Hearing loss prevalence, years lived with disability, and hearing aid use in the United States from 1990 to 2019

Published September 15, 2023, in Ear and Hearing (opens in a new window)



This article describes key data sources and methods used to estimate hearing loss in the United States, in the Global Burden of Disease study. Then, trends in hearing loss are described for 2019, including temporal trends from 1990 to 2019, changing prevalence over age, severity patterns, and utilization of hearing aids.


We utilized population-representative surveys from the United States to estimate hearing loss prevalence for the Global Burden of Disease study. A key input data source in modeled estimates are the National Health and Nutrition Examination Surveys (NHANES), years 1988 to 2010. 

We ran hierarchical severity-specific models to estimate hearing loss prevalence. We then scaled severity-specific models to sum to total hearing impairment prevalence, adjusted estimates for hearing aid coverage, and split estimates by etiology and tinnitus status. 

We computed years lived with disability (YLDs), which quantifies the amount of health loss associated with a condition depending on severity and creates a common metric to compare the burden of disparate diseases. This was done by multiplying the prevalence of severity-specific hearing loss by corresponding disability weights, with additional weighting for tinnitus comorbidity.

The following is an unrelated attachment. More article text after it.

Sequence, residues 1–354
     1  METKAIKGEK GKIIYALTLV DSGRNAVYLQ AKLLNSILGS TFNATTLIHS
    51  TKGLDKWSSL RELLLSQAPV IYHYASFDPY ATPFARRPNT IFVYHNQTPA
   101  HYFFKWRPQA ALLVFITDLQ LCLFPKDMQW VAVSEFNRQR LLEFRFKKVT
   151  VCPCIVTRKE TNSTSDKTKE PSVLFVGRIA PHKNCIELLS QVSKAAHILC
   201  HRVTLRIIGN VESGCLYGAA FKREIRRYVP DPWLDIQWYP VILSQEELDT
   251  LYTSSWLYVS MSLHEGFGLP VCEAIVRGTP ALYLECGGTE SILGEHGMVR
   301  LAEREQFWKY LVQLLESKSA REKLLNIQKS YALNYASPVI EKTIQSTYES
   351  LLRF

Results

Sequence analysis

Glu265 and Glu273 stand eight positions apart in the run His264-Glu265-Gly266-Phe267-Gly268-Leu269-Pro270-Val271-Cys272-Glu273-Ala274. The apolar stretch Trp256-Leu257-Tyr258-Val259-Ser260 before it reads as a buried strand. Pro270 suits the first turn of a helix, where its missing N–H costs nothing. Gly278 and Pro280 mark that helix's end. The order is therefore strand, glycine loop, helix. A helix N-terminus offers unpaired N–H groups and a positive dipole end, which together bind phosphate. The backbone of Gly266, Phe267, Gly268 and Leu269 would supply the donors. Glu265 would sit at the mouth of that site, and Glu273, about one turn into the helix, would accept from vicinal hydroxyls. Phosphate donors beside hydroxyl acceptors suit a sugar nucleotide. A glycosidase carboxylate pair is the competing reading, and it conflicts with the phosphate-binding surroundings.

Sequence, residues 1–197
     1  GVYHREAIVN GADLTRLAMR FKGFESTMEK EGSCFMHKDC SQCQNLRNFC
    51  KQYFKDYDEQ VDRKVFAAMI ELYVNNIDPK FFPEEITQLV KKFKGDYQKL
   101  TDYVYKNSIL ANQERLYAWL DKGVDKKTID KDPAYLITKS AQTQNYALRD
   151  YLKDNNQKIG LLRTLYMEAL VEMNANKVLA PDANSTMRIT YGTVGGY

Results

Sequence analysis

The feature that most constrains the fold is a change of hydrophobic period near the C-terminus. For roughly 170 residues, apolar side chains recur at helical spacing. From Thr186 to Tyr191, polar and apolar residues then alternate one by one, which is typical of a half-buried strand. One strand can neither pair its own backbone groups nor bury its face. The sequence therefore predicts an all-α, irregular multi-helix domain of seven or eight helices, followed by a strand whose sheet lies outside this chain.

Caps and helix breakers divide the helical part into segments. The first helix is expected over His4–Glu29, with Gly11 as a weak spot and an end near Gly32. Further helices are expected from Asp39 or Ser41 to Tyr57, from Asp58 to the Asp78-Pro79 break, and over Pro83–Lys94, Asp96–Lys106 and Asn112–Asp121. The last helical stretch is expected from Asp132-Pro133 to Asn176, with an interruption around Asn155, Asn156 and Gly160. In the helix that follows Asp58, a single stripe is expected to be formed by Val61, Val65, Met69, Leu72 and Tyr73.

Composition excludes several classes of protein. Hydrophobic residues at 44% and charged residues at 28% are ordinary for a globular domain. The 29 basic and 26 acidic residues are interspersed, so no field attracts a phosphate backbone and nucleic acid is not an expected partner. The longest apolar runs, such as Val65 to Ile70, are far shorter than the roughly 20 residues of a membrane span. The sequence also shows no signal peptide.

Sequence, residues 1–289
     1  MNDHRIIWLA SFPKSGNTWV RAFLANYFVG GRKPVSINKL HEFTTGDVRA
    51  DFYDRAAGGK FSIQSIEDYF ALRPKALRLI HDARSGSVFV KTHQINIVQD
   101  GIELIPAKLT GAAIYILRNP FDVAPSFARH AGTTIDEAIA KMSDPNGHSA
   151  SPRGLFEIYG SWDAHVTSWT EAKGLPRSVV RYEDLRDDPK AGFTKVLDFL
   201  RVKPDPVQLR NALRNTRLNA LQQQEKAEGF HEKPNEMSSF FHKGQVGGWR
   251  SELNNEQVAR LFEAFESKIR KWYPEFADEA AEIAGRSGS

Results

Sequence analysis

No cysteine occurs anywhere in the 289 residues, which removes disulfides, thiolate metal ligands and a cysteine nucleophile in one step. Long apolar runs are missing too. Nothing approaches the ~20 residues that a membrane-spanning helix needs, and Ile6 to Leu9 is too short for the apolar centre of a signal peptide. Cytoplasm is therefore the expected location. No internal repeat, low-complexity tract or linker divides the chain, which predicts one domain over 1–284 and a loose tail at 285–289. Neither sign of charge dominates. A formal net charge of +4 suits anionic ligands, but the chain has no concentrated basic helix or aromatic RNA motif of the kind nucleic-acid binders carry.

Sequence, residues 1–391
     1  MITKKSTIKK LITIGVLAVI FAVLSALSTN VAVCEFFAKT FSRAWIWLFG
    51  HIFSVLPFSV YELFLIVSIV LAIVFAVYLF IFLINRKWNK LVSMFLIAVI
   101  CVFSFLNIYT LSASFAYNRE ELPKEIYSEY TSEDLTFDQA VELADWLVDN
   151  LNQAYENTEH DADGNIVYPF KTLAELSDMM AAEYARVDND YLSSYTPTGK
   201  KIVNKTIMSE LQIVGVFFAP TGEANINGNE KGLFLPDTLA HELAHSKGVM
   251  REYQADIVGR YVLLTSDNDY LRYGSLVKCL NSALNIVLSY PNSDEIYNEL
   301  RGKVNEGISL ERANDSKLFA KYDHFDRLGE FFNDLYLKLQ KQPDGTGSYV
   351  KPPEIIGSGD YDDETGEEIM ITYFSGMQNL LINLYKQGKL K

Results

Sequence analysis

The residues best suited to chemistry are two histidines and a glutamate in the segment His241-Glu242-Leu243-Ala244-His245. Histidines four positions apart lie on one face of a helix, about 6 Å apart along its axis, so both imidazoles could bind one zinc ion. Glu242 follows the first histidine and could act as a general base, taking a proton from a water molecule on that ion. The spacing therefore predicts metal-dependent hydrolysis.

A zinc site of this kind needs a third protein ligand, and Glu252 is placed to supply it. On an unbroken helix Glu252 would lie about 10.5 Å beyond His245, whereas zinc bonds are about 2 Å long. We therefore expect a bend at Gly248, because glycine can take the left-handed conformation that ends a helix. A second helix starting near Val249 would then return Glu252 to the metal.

An estimated 72.88 million (95% uncertainty interval (UI) 68.53 to 77.30) people in the United States had hearing loss in 2019, accounting for 22.2% (20.9 to 23.6) of the total population. Hearing loss was responsible for 2.24 million (1.56 to 3.11) YLDs (3.6% (2.8 to 4.7) of total US YLDs). Age-standardized prevalence was higher in males (17.7% [16.7 to 18.8]) compared with females (11.9%, [11.2 to 12.5]). 

While most cases of hearing loss were mild (64.3%, 95% UI 61.0 to 67.6), disability was concentrated in cases that were moderate or more severe. The all-age prevalence of hearing loss in the United States was 28.1% (25.7 to 30.8) higher in 2019 than in 1990, despite stable age-standardized prevalence. 

An estimated 9.7% (8.6 to 11.0) of individuals with mild to profound hearing loss utilized a hearing aid, while 32.5% (31.9 to 33.2) of individuals with hearing loss experienced tinnitus. Occupational noise exposure was responsible for 11.2% (10.2 to 12.4) of hearing loss YLDs.


Results indicate large burden of hearing loss in the United States, with an estimated 1 in 5 people experiencing this condition. While many cases of hearing loss in the United States were mild, growing prevalence, low usage of hearing aids, and aging populations indicate the rising impact of this condition in future years and the increasing importance of domestic access to hearing healthcare services. 

Large-scale audiometric surveys such as NHANES are needed to regularly assess hearing loss burden and access to healthcare, improving our understanding of who is impacted by hearing loss and what groups are most amenable to intervention.

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GBD 2019 USA Hearing Loss Collaborators. Hearing Loss Prevalence, Years Lived With Disability, and Hearing Aid Use in the United States From 1990 to 2019: Findings From the Global Burden of Disease Study. Ear and Hearing. 15 September 2023. doi: 10.1097/AUD.0000000000001420.